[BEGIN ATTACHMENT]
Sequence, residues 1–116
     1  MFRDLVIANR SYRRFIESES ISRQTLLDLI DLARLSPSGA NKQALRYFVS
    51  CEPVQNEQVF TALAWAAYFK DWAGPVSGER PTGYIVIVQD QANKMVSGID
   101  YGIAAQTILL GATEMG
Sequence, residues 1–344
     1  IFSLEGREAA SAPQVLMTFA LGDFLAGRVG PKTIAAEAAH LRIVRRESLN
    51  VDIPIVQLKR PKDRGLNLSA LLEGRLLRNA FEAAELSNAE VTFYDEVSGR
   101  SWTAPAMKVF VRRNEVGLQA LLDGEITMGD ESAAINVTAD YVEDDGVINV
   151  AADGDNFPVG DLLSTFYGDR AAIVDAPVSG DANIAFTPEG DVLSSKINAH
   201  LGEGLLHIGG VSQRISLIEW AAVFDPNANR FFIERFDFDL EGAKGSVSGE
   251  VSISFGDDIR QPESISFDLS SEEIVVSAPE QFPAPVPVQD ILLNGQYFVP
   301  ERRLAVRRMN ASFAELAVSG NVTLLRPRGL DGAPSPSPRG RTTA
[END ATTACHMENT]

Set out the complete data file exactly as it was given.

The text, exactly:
Sequence, residues 1–116
     1  MFRDLVIANR SYRRFIESES ISRQTLLDLI DLARLSPSGA NKQALRYFVS
    51  CEPVQNEQVF TALAWAAYFK DWAGPVSGER PTGYIVIVQD QANKMVSGID
   101  YGIAAQTILL GATEMG
Sequence, residues 1–344
     1  IFSLEGREAA SAPQVLMTFA LGDFLAGRVG PKTIAAEAAH LRIVRRESLN
    51  VDIPIVQLKR PKDRGLNLSA LLEGRLLRNA FEAAELSNAE VTFYDEVSGR
   101  SWTAPAMKVF VRRNEVGLQA LLDGEITMGD ESAAINVTAD YVEDDGVINV
   151  AADGDNFPVG DLLSTFYGDR AAIVDAPVSG DANIAFTPEG DVLSSKINAH
   201  LGEGLLHIGG VSQRISLIEW AAVFDPNANR FFIERFDFDL EGAKGSVSGE
   251  VSISFGDDIR QPESISFDLS SEEIVVSAPE QFPAPVPVQD ILLNGQYFVP
   301  ERRLAVRRMN ASFAELAVSG NVTLLRPRGL DGAPSPSPRG RTTA